Letters to the Editor

Orlando shooting; Congress spending

Ernesto Vergne prays at a cross honoring his friend Xavier Emmanuel Serrano Rosado.
Ernesto Vergne prays at a cross honoring his friend Xavier Emmanuel Serrano Rosado. AP

Orlando shooting

The shooting at an Orlando gay nightclub sits on a spectrum of hate leading from Congress, North Carolina, the Texas Legislature, through the Fort Worth school district board room and all places where LGBTQ folk regularly are scapegoated by conservative politicians and allies.

Don’t tell me we “shouldn’t politicize these LGBTQ folks’ deaths,” when Republicans gleefully politicize their need to use a bathroom, to get married, to serve in the military, to adopt children, to live their lives as fully and honestly as any of the rest of us.

Right here in Fort Worth, Lt. Gov. Dan Patrick is scapegoating transgender school children for political gain, using misinformation and outright lies to manipulate parents’ fears. Patrick’s rhetoric and that of most opponents of the school district’s Transgender Student Guidelines is the same rhetoric that fueled that shooter’s homophobic rage.

Patrick and his allies are using very dangerous tactics. The line from their rhetoric to the shooter in that gay nightclub is a direct one.

What happened in Orlando is what results when one group of human beings is singled out for scapegoating. Patrick’s allies are laying matches to the kindling of violent bigotry at every school board meeting.

Katie Sherrod, Fort Worth


One more time, many lives could have been saved if one or more of those in the club were carrying a weapon. I have no idea of the full situation, but a few good men could have taken out the killer.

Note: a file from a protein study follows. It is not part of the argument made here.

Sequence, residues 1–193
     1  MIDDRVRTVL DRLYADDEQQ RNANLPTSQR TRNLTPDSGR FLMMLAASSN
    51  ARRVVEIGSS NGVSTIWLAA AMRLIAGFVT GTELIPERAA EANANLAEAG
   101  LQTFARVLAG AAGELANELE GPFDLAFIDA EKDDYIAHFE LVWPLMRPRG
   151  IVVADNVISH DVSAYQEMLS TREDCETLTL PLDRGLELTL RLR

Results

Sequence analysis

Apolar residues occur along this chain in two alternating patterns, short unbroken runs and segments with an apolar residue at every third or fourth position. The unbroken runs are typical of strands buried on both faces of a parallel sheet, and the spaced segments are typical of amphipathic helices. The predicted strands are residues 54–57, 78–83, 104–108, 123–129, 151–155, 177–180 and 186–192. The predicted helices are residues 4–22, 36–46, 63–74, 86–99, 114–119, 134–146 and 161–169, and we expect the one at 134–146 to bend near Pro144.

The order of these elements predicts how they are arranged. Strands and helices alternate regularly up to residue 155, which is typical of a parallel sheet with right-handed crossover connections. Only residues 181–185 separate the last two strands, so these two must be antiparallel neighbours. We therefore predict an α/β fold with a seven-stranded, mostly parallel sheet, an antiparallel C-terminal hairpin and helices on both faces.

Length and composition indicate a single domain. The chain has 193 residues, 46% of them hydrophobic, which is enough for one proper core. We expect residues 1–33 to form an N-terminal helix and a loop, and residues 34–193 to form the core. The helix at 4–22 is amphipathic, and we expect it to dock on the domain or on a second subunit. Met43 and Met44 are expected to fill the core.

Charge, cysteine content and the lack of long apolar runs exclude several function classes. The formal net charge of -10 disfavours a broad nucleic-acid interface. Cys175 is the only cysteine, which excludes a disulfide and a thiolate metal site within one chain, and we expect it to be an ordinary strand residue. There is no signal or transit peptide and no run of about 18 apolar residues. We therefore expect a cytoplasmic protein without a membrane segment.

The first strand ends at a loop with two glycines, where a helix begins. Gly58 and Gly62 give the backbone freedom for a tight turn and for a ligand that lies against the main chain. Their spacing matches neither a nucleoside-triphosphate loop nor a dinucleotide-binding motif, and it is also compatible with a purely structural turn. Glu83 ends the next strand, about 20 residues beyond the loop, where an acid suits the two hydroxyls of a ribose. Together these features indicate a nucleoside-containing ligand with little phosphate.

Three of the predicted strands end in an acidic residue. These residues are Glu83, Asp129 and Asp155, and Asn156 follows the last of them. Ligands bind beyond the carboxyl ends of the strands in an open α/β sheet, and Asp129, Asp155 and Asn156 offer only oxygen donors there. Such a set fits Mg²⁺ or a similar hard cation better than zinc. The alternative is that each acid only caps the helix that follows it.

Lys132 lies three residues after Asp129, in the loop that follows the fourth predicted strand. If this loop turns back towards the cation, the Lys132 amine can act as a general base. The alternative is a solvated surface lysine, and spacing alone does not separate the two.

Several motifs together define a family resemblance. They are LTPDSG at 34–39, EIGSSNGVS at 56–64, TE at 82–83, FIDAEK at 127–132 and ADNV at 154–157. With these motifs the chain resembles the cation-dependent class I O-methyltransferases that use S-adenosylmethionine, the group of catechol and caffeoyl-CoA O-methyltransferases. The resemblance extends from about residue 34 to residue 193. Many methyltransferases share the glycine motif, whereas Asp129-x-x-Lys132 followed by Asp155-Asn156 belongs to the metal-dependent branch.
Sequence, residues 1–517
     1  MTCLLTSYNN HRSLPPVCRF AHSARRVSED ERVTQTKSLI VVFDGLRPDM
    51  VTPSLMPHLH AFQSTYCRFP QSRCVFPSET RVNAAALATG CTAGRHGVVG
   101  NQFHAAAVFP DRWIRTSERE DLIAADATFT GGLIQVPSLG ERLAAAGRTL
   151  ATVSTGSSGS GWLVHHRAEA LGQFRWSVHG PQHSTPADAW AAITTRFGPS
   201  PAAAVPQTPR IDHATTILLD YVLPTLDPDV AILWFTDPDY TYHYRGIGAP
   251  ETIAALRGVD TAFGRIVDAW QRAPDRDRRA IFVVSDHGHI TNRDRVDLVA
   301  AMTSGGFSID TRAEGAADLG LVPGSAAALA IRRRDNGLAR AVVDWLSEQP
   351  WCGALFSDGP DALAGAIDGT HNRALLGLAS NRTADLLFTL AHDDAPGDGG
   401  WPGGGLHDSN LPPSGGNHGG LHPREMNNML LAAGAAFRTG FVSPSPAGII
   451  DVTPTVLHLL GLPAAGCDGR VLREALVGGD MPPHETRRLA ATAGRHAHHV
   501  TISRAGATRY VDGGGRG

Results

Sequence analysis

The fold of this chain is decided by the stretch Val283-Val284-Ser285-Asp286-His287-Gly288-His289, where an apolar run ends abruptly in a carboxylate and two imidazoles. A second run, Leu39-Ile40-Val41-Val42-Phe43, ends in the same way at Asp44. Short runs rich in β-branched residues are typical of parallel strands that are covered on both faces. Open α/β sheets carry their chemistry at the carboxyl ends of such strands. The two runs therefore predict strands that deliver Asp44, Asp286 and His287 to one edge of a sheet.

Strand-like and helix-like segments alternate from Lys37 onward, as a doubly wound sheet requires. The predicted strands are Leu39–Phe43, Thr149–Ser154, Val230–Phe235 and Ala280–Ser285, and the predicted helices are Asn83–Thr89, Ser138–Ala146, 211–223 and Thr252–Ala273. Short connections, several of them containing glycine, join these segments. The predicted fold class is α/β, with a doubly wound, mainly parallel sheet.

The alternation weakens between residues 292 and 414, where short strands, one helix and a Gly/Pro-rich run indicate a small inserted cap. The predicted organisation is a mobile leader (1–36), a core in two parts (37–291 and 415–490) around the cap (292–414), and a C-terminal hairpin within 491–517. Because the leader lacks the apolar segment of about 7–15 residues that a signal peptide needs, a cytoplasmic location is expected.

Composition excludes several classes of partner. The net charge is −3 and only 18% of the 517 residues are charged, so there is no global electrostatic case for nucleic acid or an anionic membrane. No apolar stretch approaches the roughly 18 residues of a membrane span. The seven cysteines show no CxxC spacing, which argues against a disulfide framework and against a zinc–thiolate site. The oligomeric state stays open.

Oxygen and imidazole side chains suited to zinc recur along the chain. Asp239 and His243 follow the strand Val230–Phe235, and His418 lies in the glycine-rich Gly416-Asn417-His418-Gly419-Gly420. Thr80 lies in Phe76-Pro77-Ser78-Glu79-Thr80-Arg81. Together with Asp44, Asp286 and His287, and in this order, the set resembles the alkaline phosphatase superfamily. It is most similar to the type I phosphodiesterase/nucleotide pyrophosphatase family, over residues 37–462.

As reported on the news, he was making phone calls, sending text messages, reloading, praising Allah and calling 911. Someone should have acted.

It would be better if a person died trying to make something happen rather than waiting to be shot. The threat will not go away unless someone makes a move and makes something happen.

This is why we have the Second Amendment. If the Democrats have their way and are able to get some sort of gun control, the only ones who will have guns will be the bad guys.

Con Shuck, Granbury


If a person is willing to commit murder, what do you think another gun law is going to do?

And if the Obama administration won’t let the FBI do their jobs for fear of offending Muslims, what do you think another gun law is going to do?

Gary Swanzy, Fort Worth


No new law would have prevented the Orlando shooting.

There are background checks before gun purchases. This person wasn’t on any watch list, as he should have been.

The FBI dropped the ball, as all the warning signs and information were there. Again, no one acted until it was too late. This guy had been questioned by the FBI three times. The National Rifle Association had nothing to do with this and in fact teaches gun safety to police and the military.

Blaming guns and the NRA is a distraction. This was an attack by someone pledging loyalty to ISIS. That made it a hate crime as well. The NRA has nothing to due with watch lists.

As for lawsuits, the gun industry isn’t immune. However, you can’t hold it responsible for the misuse of its product after a lawful sale. If so, you leave the tort system open for every product produced in this country.

Richard Lilly, Haltom City


Sacrificial lambs. That’s what the victims of these repeated episodes of gun violence are.

We offer them on the altar of our Second Amendment. So, we do nothing at all to reduce these deaths.

Polls show the majority of Americans want background checks wherever guns are sold and restrictions on those who are on no-fly lists. If someone is mistakenly put on a no-fly list, provide a means to dispute it.

Move forward, legislators! Enough sacrifices!

Nancy Swartz, Arlington

Congress spending

I was shocked to read that every member of Congress from this area, except Rep. Marc Veasey, had voted to increase the legislative branch budget by $3.48 billion to operate the House and congressional support agencies.

This is up nearly 2.7 percent.

This same group of representatives consistently veto any bill that would increase spending on healthcare for children and women, food stamps or Social Security.

What hypocrites!

Susan Radde, Hurst